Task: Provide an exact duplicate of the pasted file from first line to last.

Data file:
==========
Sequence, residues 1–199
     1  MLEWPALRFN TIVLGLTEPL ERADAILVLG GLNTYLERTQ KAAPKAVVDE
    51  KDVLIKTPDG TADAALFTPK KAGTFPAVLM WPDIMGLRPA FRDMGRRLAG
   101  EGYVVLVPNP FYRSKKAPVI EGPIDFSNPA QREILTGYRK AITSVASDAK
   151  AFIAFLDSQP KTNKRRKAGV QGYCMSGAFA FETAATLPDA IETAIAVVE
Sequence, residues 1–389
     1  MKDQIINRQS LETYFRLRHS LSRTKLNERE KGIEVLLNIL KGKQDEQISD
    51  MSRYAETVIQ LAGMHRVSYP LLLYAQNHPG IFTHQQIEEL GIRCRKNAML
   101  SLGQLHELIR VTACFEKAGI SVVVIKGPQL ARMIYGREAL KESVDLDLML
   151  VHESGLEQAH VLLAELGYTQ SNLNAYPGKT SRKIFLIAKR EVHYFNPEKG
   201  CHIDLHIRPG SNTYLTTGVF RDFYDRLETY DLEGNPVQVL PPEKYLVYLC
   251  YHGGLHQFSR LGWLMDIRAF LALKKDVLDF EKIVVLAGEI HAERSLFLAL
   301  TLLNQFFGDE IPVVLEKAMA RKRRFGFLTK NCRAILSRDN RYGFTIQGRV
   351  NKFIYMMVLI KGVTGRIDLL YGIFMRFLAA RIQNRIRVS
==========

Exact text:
Sequence, residues 1–199
     1  MLEWPALRFN TIVLGLTEPL ERADAILVLG GLNTYLERTQ KAAPKAVVDE
    51  KDVLIKTPDG TADAALFTPK KAGTFPAVLM WPDIMGLRPA FRDMGRRLAG
   101  EGYVVLVPNP FYRSKKAPVI EGPIDFSNPA QREILTGYRK AITSVASDAK
   151  AFIAFLDSQP KTNKRRKAGV QGYCMSGAFA FETAATLPDA IETAIAVVE
Sequence, residues 1–389
     1  MKDQIINRQS LETYFRLRHS LSRTKLNERE KGIEVLLNIL KGKQDEQISD
    51  MSRYAETVIQ LAGMHRVSYP LLLYAQNHPG IFTHQQIEEL GIRCRKNAML
   101  SLGQLHELIR VTACFEKAGI SVVVIKGPQL ARMIYGREAL KESVDLDLML
   151  VHESGLEQAH VLLAELGYTQ SNLNAYPGKT SRKIFLIAKR EVHYFNPEKG
   201  CHIDLHIRPG SNTYLTTGVF RDFYDRLETY DLEGNPVQVL PPEKYLVYLC
   251  YHGGLHQFSR LGWLMDIRAF LALKKDVLDF EKIVVLAGEI HAERSLFLAL
   301  TLLNQFFGDE IPVVLEKAMA RKRRFGFLTK NCRAILSRDN RYGFTIQGRV
   351  NKFIYMMVLI KGVTGRIDLL YGIFMRFLAA RIQNRIRVS